James 2:21
Was not Abraham our father justified by works, offering up Isaac his son upon the altar?

and

Hebrews 11:31
By faith Rahab the harlot perished not with the unbelievers, receiving the spies with peace.

James 2:25
And in like manner also Rahab the harlot, was not she justified by works, receiving the messengers and sending them out another way?

Strikingly, both James and Paul (who is traditionally regarded as the author of the Epistle to the Hebrews) referred to Abraham and Rahab to prove their point. In Hebrews the significance and primacy of faith were highlighted whilst in James what was highlighted was acts as the signs of living faith.

It is also noteworthy that James pertained to the notion of faith in a broad term, criticising those who believed only for the sake of believing:

James 2:19
Thou believest that there is one God. Thou dost well: the devils also believe and tremble.

Thus, it is plausible to see in James' epistle a critique of the vague theoretical faith vs practical faith. What James actually praised was not works of charity or the precepts of the Mosaic Law, but the acts of "obedience" that were directly affiliated with one's faith. 

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Offline Robert W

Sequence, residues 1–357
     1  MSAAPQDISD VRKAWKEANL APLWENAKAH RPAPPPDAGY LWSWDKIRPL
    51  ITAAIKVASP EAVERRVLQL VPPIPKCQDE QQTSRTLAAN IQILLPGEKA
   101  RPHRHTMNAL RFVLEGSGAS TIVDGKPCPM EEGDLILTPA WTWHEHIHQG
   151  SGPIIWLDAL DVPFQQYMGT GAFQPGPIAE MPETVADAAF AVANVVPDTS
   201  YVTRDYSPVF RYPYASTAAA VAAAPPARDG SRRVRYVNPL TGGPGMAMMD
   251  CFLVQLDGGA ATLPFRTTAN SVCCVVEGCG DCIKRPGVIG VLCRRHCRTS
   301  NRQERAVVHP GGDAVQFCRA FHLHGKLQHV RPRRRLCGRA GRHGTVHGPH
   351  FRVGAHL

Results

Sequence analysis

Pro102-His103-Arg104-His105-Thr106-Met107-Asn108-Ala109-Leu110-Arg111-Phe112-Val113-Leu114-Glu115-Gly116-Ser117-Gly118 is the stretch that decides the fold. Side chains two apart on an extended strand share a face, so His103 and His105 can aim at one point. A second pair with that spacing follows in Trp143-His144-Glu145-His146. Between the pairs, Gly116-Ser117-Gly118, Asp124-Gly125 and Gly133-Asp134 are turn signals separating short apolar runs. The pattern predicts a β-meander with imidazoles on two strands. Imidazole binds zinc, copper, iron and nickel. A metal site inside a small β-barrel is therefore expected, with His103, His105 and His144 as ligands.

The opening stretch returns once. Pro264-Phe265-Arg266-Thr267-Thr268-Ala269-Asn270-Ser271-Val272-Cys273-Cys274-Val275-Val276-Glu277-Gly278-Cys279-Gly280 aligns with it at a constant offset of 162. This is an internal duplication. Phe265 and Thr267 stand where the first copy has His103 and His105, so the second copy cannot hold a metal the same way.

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Re: What Was Abraham Justified By?
« Reply #5 on: December 19, 2008, 08:42:43 AM »
Thank you for your excellent post Theophilos78. I know a person that will find comparing those bible quotes very interesting.

Offline ialmisry

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Re: What Was Abraham Justified By?
« Reply #6 on: December 19, 2008, 08:53:10 AM »
On this Faith vs. Works in St. James, I've always seen it as an idea of a fire that does not give any warmth, no light.  How is it a fire, except that it consumes?  Faith without works is likewise dead.
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Offline Theophilos78

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Re: What Was Abraham Justified By?
« Reply #7 on: December 19, 2008, 10:37:26 AM »
Thank you for your excellent post Theophilos78. I know a person that will find comparing those bible quotes very interesting.

You are welcome, my friend. I wonder what kind of reactions my comparative analysis will get.

Thanks & God bless,

Theophilos78
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Offline Anastasios

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Re: What Was Abraham Justified By?
« Reply #8 on: December 19, 2008, 12:32:59 PM »
Faith vs. works is a false dichotomy.

I think St Paul when he talks about works is talking about works of the law, ie. circumcision and other Jewish ritual customs.
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Online Asteriktos

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Re: What Was Abraham Justified By?
« Reply #9 on: December 19, 2008, 12:39:36 PM »
Quote
There is no dichotomy between faith and works.
Quote
Faith vs. works is a false dichotomy.

I don't think any Orthodox Christian would disagree :)
« Last Edit: December 19, 2008, 12:40:06 PM by Asteriktos »
"Well, do I convince you, that one ought never to despair of the disorders of the soul as incurable? ...For even if thou shouldst despair of thyself ten thousand times, I will never despair of thee" - St. John Chrysostom